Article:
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Developing local research hubs

Andy Robinson    A good deal of time and energy over the last few years has gone into seeking to influence national government and policymakers with a view to expanding outdoor learning's impact on U.K. society.  This has seen some tremendous progress in some areas, probably most notably in Scotland with the adoption of the curriculum for excellence and the role Outdoor Learning plays in this.

There continues to be a significant amount of effort directed towards drawing on research to influence policy and certainly much research funding relating to the outdoors has been spent in support of this.  More recently though I believe there is an increasing recognition of the need to strengthen the 'third leg of the research, policy & practice stool'.  A recognition that there is a very real need to identify and develop the use of good practice in a growing use of outdoor learning.  The Natural Connections project has been probably the most significant indicator of this changing emphasis.

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It’s all about your team...

Andy Robinson    There is no doubt that what is often called the ‘war for talent’ is becoming harder in the outdoor learning sector. With changing business models, a general push towards healthy lifestyles, expanding initiatives such as the National Citizen Service and a number of other factors I suggest that ensuring you are able to deliver the right outdoor learning services at the right time is becoming more challenging. It is certainly worth considering the way you engage with potential new members of your team.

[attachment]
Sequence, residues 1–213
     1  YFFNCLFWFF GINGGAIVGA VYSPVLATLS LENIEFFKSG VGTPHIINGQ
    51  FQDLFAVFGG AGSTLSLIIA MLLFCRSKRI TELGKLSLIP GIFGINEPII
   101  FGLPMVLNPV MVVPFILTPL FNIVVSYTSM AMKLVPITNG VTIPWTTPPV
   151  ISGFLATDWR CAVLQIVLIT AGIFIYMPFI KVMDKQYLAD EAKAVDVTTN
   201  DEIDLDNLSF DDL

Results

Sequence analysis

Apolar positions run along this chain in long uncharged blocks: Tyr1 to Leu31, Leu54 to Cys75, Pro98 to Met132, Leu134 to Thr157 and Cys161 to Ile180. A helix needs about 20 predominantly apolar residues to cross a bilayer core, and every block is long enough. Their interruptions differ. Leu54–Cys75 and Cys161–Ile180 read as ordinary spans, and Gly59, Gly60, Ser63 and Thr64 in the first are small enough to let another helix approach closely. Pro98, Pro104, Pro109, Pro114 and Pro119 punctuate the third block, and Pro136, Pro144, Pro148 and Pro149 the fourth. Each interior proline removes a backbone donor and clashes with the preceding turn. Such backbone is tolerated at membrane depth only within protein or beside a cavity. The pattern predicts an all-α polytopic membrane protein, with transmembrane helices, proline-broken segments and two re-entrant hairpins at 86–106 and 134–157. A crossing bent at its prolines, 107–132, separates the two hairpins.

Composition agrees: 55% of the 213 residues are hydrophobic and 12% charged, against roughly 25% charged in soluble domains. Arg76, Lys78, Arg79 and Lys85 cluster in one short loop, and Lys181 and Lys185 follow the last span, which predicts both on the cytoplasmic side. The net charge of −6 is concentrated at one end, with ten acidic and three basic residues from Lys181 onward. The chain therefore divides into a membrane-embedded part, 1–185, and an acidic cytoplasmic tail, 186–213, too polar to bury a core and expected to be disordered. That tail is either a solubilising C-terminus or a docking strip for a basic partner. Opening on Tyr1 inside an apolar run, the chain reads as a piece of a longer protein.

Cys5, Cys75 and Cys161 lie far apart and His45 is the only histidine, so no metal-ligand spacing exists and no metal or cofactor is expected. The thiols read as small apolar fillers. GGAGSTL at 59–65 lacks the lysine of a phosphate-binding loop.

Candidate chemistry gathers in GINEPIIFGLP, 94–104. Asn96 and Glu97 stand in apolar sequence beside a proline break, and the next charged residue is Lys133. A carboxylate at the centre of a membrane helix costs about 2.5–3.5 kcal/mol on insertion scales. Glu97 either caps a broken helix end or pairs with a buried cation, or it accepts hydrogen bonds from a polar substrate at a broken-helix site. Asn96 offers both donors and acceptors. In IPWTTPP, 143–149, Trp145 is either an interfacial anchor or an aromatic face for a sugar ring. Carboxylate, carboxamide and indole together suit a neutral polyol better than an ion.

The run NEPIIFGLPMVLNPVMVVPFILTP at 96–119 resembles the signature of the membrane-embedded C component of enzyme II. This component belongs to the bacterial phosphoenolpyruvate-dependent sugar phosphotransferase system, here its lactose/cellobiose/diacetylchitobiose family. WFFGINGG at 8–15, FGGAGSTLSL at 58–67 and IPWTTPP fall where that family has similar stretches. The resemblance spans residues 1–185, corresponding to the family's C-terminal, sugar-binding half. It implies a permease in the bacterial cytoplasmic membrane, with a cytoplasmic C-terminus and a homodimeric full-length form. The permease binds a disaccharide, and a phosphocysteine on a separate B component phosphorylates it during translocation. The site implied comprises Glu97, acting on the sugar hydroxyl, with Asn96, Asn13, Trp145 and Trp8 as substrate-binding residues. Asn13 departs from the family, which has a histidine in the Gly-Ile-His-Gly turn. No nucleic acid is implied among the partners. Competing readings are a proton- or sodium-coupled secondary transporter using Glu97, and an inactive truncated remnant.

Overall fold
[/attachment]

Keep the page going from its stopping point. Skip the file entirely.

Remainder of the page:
Whilst the Institute continues to provide the hugely popular jobs pages on its website, this is of course only a part of the story. What does the journey look like for someone considering joining you and your organisation? How well informed are they about the content of the roles you want to fill? Are they aware of where they are in the recruitment process, at any given time? Do they get supportive constructive feedback if they are unsuccessful? How are they made to feel over the first few days and weeks as a new joiner? ....and how do they engage with you in the first place?

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Self defeating education and learning systems?

Andy Robinson    I recently spent a very stimulating morning at a gathering in Westminster organised by the Education Select Committee as part of that committee's review of the purpose and quality of education in England. I have to confess I was anticipating a fairly dry revisit of many of the old chestnuts about what good education looks like.... I was pleasantly surprised and motivated by the actual debate.

The Institute had responded to an earlier consultation by the committee informing them of the findings of the Blagrave Trust funded work looking at the evidence base for outdoor learning. Others from the outdoor learning community had also submitted comments and this recent morning's conference contained a session on outdoor learning, a sign of a growing recognition of the contribution good outdoor learning practice can make to education. I expect to see further work by the education committee examining the approach to use of outdoor learning in English schools.
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